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The 2020 US elections: grassroots activism, toxic legends and the abiding divide

Posted on 12 November 2020

On 10 November 2020, exactly one week after Election Day, and roughly 48 hours after Joe Biden was announced as the 46th President of the United States, we invited Professors Laura Stoker, Gary L. Gerstle, Federico Romero and Mario Del Pero to share their insights into what the elections results mean going forward. The discussion was organised by the ‘Democracy in the 21st Century’ Interdisciplinary Research Cluster.


Election Day 2020. A voter casts his ballot in Des Moines, Iowa. Photo by Phil Roeder. CC by 2.0 (wikipedia)

The blue wave was only a slight ‘swell’

One thing is certain: Donald J. Trump has lost the election. However, closer analysis of the results reveals some potential problems for the Democratic Party. Stoker started by stating that “This election was a referendum on the president and a rejection, but not a rejection of the Republican Party, as the magnitude of split vote in this election reveals.” Romero added that while Trump as an individual was spurned, “conservative populism was not”.

The rural/urban voter divide is becoming increasingly polarised

Stoker repeatedly brought up the deepening divide between urban and rural voters, as part of a “deliberate and entrenched strategy for the Republican Party.” Gerstle added that the divide is related to the end of a certain area in globalisation, which pre-dates the 2016 election. “The fruits of globalisation have been unequally, improperly shared. Trump’s ability to recreate that deep sense of grievance among his followers is a very powerful part of what is going on in the US.”

Romero emphasized the potential damage of the Trump camp’s ‘stolen election’ lie: “If it takes hold as a legend that gains ground in the galaxy of conservative media, it is going to poison the public debate in the years to come”.

While Stoker suggested that the recent rise of independents and vote-splitters (supporting the Republican candidate locally but voting against Trump) could be a sign of fatigue with “affective polarization.” Del Pero disagreed, saying that Trump and his toxic speech have “dominated the political discourse of the right and it will be very difficult for anyone to emancipate the [Republican] Party from that.”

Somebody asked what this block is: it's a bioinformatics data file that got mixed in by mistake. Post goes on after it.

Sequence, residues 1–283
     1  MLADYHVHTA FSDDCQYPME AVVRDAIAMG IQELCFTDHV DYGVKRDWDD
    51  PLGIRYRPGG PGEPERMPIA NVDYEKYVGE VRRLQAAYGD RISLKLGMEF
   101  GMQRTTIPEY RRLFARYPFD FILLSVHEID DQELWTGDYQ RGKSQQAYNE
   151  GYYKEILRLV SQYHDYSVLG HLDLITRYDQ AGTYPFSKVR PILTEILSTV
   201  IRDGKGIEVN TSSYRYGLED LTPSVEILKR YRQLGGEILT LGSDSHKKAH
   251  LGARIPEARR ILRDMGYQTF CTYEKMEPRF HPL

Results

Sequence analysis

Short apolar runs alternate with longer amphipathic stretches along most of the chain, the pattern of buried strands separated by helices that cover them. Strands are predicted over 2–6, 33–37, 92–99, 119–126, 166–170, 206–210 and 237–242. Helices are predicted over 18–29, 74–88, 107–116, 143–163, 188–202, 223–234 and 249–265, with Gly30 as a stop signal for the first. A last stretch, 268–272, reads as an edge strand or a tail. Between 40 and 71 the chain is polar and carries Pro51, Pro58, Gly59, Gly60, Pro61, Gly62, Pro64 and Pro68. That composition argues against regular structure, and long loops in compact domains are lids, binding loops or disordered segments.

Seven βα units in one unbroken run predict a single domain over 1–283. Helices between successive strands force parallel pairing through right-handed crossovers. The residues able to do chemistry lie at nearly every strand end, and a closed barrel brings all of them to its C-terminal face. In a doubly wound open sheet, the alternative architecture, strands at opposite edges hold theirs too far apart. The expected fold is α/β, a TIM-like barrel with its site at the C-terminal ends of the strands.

Mixed feelings about how successful the Biden administration can be

All panellists felt that both the obstructionist Republican faction lead by Senator Mitch McConnell, and the growing leftist Democratic faction, will play crucial roles in determining the accomplishments of Biden’s administration.

Del Pero claimed that modern conventions have made it increasingly difficult for presidents to govern using congressional legislation, leading to the increased use of executive orders. Trump routinely took such actions during his tenure; reversing Obama’s environmental regulations. This is a potential problem for the quality of American democracy and the efficacy of politics. “It leads to a [leader’s] legacy written in the sand that can be easily reversed with the stroke of a pen.”

The general public and the media have made much of Biden’s age and his perceived lack of charisma. However, Gerstle offered some confidence in the president-elect’s abilities: “The last 12 years have been marked by presidents who were charismatic but did not have insider knowledge of how Washington politics work; they struggled to achieve their political agendas. Biden’s experience and his relationship with Mitch McConnell may not be such a bad thing: US citizens will happily accept new Congressional policy if it is bi-partisan and they are ready for this kind of leadership from ‘above’. “Maybe we have had enough charisma for a while,” concluded Gerstle. “Trump had his version and Obama had it in abundance, but neither of them was good enough to make deals in Congress.”

Extraordinary efforts by black women in the election

The last, and important, takeaway from the discussion was the panellists’ acknowledgement of the campaigning and organising achievements of Black women such as Stacey Abrams, LaTosha Brown, Leah Aden, and of course Kamala Harris. Moreover, a resounding 91% of Black women voted for Joe Biden in this election.

Gerstle spoke about this achievement: “It is a major reconfiguring of how we understand Black politics […] It is an explicit rejection of the old way of having charismatic Black male speakers leading the charge.” Black women are extremely conscious of having played a very significant role in determining the election’s outcome, and this might herald similar evolutions in other minority movements across the US.

About the speakers:

Laura Stoker is Professor of Political Science at the University of California, Berkeley. Gary L. Gerstle is Paul Mellon Professor of American History at Cambridge University. Federico Romero is a Professor of History at the European University Institute and an expert on Post-War Europe. Mario Del Pero is Professor of International History at SciencesPo, Paris.

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